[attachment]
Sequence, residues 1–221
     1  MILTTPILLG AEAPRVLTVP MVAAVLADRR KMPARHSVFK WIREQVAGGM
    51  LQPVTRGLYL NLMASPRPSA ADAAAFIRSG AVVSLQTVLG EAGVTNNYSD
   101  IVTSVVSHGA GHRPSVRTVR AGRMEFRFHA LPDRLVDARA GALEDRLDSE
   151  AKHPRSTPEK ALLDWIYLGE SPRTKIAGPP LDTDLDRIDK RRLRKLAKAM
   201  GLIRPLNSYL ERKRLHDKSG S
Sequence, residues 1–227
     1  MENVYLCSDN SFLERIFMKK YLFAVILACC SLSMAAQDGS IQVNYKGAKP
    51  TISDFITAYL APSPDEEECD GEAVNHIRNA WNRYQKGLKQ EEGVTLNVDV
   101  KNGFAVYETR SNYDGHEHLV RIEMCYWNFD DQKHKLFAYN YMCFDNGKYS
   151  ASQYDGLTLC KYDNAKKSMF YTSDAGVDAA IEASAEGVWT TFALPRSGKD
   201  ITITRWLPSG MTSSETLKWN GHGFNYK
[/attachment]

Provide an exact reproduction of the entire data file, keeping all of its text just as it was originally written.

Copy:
Sequence, residues 1–221
     1  MILTTPILLG AEAPRVLTVP MVAAVLADRR KMPARHSVFK WIREQVAGGM
    51  LQPVTRGLYL NLMASPRPSA ADAAAFIRSG AVVSLQTVLG EAGVTNNYSD
   101  IVTSVVSHGA GHRPSVRTVR AGRMEFRFHA LPDRLVDARA GALEDRLDSE
   151  AKHPRSTPEK ALLDWIYLGE SPRTKIAGPP LDTDLDRIDK RRLRKLAKAM
   201  GLIRPLNSYL ERKRLHDKSG S
Sequence, residues 1–227
     1  MENVYLCSDN SFLERIFMKK YLFAVILACC SLSMAAQDGS IQVNYKGAKP
    51  TISDFITAYL APSPDEEECD GEAVNHIRNA WNRYQKGLKQ EEGVTLNVDV
   101  KNGFAVYETR SNYDGHEHLV RIEMCYWNFD DQKHKLFAYN YMCFDNGKYS
   151  ASQYDGLTLC KYDNAKKSMF YTSDAGVDAA IEASAEGVWT TFALPRSGKD
   201  ITITRWLPSG MTSSETLKWN GHGFNYK